Welcome to the 24 Hour Museum news in brief page for the week ending January 7 2007.
05.01.2007 – Wandsworth Council to take decision on museum closure
“This is a high quality community museum,” said its first curator, Val Bott. “First opened in April 1986, it was one of the first museums in Greater London to be awarded the new Accreditation standard last summer.”
“The museum has around 30,000 visitors a year, which compares well with some comparable local authority museums in Greater London,” she continued. “About 8,000 of those visitors come in school groups and there is a also a well-respected programme of activities for children and families.”
“The museum’s community work is very impressive – it is, for example, a contributor to ‘Amazon and Caribbean’, the current special exhibition at the Horniman Museum.”
The council will take the decision this February. To make an objection, go to www.wandsworth.gov.uk.Image from the exhibition Memories from the Islands, at Wandsworth Museum in 2004
05.01.2007 – National Maritime Museum Cornwall wants your pictures for Your Falmouth exhibition
The National Maritime Museum Cornwall is asking the people of Falmouth, Penryn and the Fal estuary to contribute to a new temporary exhibition. ‘Your Falmouth’ will include displays on the people, the packet ships and the maritime history of Falmouth, together with pictures and memories lent by local people.
“This is a real chance for local people to make their contribution to a museum,” said Director Jonathon Griffin. “We really encourage people to come forward with pictures, documents and photographs and to make Your Falmouth something we can be proud of.”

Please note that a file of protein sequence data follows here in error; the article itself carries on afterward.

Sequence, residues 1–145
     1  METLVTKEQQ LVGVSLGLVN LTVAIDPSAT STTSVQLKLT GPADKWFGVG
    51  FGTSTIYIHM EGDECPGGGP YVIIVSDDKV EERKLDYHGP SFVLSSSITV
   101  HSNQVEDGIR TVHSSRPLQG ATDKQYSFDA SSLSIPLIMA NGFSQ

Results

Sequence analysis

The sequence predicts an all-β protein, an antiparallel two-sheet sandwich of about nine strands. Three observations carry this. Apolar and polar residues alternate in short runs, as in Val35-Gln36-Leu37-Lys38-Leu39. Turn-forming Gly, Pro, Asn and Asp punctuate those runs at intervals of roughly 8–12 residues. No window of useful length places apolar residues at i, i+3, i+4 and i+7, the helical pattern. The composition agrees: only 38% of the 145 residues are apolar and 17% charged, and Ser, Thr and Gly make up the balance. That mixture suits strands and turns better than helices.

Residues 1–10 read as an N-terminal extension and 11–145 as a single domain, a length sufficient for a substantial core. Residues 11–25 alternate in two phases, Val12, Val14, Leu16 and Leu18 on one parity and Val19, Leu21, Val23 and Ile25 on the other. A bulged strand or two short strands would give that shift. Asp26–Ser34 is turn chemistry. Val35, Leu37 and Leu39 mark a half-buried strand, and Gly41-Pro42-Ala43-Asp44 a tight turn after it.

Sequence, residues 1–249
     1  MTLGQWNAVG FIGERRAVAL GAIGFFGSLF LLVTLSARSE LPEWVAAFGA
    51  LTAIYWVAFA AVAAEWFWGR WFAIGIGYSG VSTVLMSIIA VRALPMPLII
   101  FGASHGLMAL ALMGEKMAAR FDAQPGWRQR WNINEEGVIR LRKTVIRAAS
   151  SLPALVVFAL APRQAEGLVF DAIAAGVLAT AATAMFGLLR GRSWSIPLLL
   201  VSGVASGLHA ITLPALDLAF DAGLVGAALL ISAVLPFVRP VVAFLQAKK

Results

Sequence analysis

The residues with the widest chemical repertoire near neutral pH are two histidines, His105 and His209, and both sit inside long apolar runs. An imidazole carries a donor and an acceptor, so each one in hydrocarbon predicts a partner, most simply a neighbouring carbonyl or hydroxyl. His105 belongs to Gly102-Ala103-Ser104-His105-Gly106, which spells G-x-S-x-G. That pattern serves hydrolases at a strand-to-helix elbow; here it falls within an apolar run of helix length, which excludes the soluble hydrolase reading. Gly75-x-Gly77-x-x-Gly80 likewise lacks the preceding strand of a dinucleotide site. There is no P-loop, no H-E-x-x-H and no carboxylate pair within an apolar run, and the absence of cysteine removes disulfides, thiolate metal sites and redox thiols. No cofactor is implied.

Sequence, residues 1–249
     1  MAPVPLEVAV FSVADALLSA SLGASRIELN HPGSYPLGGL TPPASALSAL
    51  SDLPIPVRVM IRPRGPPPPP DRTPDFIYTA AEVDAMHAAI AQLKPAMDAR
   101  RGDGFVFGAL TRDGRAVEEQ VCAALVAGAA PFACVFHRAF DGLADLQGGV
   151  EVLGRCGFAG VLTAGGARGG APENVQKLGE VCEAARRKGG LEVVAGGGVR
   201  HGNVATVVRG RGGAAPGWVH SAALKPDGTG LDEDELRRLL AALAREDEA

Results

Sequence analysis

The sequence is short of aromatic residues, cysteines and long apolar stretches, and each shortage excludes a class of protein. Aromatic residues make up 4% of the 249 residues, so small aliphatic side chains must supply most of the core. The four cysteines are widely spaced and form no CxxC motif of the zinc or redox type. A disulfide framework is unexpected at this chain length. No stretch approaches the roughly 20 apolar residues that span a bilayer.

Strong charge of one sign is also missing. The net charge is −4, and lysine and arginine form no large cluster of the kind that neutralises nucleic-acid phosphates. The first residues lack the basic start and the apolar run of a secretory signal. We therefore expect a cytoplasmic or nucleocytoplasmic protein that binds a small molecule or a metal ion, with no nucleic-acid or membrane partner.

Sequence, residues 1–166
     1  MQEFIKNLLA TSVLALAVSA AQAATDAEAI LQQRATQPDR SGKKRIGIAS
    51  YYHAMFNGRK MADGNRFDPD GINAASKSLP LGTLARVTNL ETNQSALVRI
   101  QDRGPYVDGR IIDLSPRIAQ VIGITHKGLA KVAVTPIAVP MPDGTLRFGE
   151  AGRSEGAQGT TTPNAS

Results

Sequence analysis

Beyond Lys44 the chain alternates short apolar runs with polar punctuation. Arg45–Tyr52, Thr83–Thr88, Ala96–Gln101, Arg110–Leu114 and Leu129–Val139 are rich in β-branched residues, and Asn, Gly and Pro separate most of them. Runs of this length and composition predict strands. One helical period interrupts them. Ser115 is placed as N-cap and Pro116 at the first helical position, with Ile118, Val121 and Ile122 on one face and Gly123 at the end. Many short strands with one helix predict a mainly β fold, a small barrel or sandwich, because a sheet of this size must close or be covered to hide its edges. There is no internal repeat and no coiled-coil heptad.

The first donation has already been presented to the Museum by volunteer John Mitchell, a former coxswain for Falmouth Harbour Commissioners and second coxswain to on the RNLI lifeboat.
The exhibition will run from late March, for three months. If you have a picture, document or photograph relating to the maritime history of the towns, waterside or river which you would like to see included in Your Falmouth, contact Jo Warburton at the Museum on 01326 313388.
05.01.2007 – Holst Birthplace Museum, Cheltenham, looks to raise £18,000 repair bill
The Holst Birthplace Museum in Cheltenham is looking for £18,000 to save its historic Victorian home.
The Friends of the museum have launched an appeal for the funds, which are needed for essential repair work to the building’s roof, timbers and pipework. Torrential downpours have left the house which commemorates the composer of the Planets Suite in a precarious state.
To donate to the appeal, contact Brian Carvell, Holst Birthplace Museum, 4 Clarence Road, Cheltenham, GL52 2AY.
04.01.2007 - £322,425 for historic Welsh buildings
Welsh Culture Minister Alan Pugh has announced over £300,000 in grants to be shared between 12 historic buildings in need of repair.